It was the calm before the storm Saturday afternoon.
Many Mobile folks said they're not too worried about Subtropical Storm Alberto.
Peggy Tacon had big plans in Orange Beach Memorial Day weekend
"With the weather like it was, we're afraid to chance it, so we'll go another weekend," Tacon said.
She's lived on Hannon Avenue in Midtown Mobile for 70 years. She expects parts of her street to flood like they usually do when storms pass through.
"I just stay home if I have to, but it's really aggravating when you can't get out when you need to."
Although Tacon is disappointed to cut her beach trip, overall, she's not too worried about Subtropical Storm Alberto.
"I don't feel like it's going to be bad for us, other than a lot of rain, and of course, right now we need some rain, but we're not going to need as much as we're going to get, probably," Tacon said.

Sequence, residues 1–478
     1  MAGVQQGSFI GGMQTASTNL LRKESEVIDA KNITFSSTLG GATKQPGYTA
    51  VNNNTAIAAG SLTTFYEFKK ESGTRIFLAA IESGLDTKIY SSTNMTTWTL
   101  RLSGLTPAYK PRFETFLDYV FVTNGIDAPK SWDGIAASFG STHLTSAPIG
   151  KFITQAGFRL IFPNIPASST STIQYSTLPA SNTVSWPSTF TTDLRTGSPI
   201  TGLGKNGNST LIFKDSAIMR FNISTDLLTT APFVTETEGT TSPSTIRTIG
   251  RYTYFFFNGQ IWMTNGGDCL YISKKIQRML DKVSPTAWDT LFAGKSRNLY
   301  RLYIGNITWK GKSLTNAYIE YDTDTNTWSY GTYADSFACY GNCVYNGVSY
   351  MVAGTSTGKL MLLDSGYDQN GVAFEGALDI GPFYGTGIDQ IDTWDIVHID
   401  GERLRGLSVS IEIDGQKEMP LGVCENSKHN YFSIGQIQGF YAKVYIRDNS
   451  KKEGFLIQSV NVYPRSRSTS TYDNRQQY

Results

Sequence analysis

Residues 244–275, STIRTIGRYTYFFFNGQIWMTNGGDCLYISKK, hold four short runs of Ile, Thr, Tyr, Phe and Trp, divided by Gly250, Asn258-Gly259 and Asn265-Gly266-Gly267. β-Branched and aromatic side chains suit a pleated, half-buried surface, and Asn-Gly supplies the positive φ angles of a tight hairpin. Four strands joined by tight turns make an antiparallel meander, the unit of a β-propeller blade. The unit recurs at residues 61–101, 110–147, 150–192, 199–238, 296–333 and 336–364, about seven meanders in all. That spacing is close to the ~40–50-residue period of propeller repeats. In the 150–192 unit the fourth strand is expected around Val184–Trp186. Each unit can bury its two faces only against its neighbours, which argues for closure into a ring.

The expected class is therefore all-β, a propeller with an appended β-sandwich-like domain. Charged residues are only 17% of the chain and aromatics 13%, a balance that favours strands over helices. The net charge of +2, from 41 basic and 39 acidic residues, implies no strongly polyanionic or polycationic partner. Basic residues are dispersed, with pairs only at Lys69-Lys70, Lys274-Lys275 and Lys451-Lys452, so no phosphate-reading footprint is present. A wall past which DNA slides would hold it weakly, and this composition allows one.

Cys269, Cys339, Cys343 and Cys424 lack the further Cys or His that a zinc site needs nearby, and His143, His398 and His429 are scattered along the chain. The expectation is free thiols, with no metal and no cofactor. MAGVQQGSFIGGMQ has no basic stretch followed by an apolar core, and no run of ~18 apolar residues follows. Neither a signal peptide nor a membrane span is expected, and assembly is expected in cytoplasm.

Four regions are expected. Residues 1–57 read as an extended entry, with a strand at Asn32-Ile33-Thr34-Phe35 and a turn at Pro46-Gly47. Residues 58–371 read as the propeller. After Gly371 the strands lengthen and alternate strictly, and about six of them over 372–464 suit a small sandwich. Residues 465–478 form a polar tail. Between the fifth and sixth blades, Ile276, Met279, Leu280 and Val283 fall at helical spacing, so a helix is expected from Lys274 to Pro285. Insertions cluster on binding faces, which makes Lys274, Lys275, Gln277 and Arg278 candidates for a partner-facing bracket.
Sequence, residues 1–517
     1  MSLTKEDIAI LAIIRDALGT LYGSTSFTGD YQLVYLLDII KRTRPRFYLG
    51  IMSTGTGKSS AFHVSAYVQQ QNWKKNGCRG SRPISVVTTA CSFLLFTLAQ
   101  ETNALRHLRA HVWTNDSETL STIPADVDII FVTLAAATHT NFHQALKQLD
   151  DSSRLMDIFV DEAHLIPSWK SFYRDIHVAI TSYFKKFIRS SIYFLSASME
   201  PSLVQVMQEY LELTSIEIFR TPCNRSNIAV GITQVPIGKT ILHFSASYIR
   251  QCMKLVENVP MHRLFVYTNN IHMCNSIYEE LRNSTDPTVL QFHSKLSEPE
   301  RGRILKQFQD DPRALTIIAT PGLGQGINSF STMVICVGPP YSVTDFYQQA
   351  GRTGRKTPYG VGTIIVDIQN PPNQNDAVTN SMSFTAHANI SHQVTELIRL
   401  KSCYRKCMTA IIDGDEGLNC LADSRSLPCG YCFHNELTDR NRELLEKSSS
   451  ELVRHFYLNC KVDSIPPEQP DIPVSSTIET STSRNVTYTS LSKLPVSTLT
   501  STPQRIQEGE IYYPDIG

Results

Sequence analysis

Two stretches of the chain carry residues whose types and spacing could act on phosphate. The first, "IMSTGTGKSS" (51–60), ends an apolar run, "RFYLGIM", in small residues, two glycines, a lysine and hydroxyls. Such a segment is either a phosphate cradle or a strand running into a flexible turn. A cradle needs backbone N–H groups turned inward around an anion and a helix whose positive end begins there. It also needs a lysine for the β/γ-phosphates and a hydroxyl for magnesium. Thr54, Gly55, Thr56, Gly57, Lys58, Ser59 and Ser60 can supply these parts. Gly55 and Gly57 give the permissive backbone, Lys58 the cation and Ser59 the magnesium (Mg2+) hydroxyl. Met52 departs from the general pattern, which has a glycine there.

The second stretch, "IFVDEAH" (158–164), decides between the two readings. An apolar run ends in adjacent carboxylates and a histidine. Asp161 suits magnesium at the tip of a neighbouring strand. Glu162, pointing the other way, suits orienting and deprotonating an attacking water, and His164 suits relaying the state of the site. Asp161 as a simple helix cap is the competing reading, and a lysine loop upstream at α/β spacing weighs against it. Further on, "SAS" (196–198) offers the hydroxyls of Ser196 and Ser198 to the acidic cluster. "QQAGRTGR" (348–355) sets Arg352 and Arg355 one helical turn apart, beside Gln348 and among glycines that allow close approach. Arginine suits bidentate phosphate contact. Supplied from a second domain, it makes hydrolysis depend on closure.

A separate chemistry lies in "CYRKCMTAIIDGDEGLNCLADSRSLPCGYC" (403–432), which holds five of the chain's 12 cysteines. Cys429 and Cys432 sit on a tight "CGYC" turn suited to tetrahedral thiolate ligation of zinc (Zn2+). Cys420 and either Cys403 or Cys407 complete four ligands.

Mobile County Emergency Management Deputy Director Michael Evans said this storm is unpredictable.
"Think about your plan. How are you going to take care of your family members? If you need a few items, now's the time to run to the store and do those things. Don't wait until that last minute. When the weather really gets bad out there," Evans said.
The City of Mobile said they've been proactive all year long for times like these. Spending $13 million dollars on major drainage projects throughout the city.
Mobile Area Water and Sewer System representatives said crews are monitoring possible trouble areas and will be on standby if any issues arise.
Evans said the number one message to Mobile residents is turn around and don't drown.
"If you're in an area and there's a road with water, don't drive over that road because you don't know is if there's any damage to the road and you can put yourself in harms way. Travel well before the storm. If you're on a road and there's water, best thing to do is find an alternate route," Evans said.